Originally posted by wolfgang59
I find it hard to believe that US bills are 1mm thick!!
Surely that is wrong?
I'll dig out my calipers, I can only test the smaller ones, unless I go to the bank, they might let me play with a C note for awhile. But it can't be a whole lot different than a 1 dollar bill I would think. News at 11.
1 mm is 0.039 and change of an inch. So if it really is 43 thou, it is a bit more than a mm. 1.0922 mm to be exact. Assuming it is 43 thou though.
Well SOMEONE fed us a pile of BS. A CD is 0.045 inch, about 1.1 mm thick. Obviously money is a lot thinner. I found my digital calipers and measured regular printer paper which comes out at 0.004 inch, one tenth of a mm.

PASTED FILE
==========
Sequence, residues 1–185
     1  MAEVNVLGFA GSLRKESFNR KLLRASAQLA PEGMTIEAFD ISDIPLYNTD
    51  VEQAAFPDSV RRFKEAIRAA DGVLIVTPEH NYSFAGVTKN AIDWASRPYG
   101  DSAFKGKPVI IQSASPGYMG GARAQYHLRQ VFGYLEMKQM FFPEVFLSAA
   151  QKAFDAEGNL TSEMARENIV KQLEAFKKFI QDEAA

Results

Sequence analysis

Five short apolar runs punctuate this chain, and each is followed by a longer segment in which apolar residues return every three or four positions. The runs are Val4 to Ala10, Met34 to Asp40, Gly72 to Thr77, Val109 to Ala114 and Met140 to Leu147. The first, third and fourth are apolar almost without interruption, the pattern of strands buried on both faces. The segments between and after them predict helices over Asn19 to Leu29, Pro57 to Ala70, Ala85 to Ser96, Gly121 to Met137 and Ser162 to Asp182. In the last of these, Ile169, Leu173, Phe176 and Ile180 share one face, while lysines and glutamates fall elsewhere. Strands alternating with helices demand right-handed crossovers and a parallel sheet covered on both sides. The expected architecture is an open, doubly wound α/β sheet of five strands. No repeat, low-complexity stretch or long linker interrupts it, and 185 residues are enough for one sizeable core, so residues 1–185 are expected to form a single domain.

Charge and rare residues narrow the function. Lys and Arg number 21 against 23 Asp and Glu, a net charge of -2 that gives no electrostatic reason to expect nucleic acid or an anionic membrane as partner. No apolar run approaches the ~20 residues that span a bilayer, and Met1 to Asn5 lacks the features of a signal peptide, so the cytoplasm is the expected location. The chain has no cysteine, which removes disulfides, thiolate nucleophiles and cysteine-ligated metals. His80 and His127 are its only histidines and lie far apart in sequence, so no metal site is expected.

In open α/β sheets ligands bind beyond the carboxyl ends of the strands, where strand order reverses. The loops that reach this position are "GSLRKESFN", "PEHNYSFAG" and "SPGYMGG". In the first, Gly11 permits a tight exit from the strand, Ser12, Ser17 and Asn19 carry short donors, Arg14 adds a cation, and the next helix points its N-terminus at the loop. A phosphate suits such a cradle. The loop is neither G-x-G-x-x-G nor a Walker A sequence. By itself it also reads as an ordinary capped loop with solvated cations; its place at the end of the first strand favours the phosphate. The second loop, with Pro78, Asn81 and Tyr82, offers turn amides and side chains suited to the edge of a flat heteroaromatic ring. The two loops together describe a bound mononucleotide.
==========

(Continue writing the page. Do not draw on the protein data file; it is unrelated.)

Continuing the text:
We actually had a C note, it turns out to be thinner than a piece of printer paper:
0.003 inch, switched the calipers to mm and it comes out as 0.09 mm.
So 100 bills would be 90 odd cm. Since the accuracy of my calipers is only 2 digits at that thickness, the actual thickness would have to be verified if someone had a stack of 100 bills.... Any volunteers?🙂
Only off by a factor of about 10!
So much for google....
Using my own measurements of a 100 dollar bill, it is 2.59 inches wide and a bit over 6 inches long, I had to do a double measurement of that since my caliper is only good to 6 inches, it seems to be about 6.1 inches long. Doing it in mm, 2.59 inches=~65.8 mm, 6.1 inches=~155 mm long. So 65.8X155X0.1=1023.2 mm cubed. The roll at 50 mm wide minus the inner 10 mm=1884mm squaredX65.8mm=123967 mm cubed, dividing the two gives about 121 bills to fit that roll. So we are in agreement and this time with much better size figures. So the grand total comes out to 12100 bucks. Not a bad days work, eh.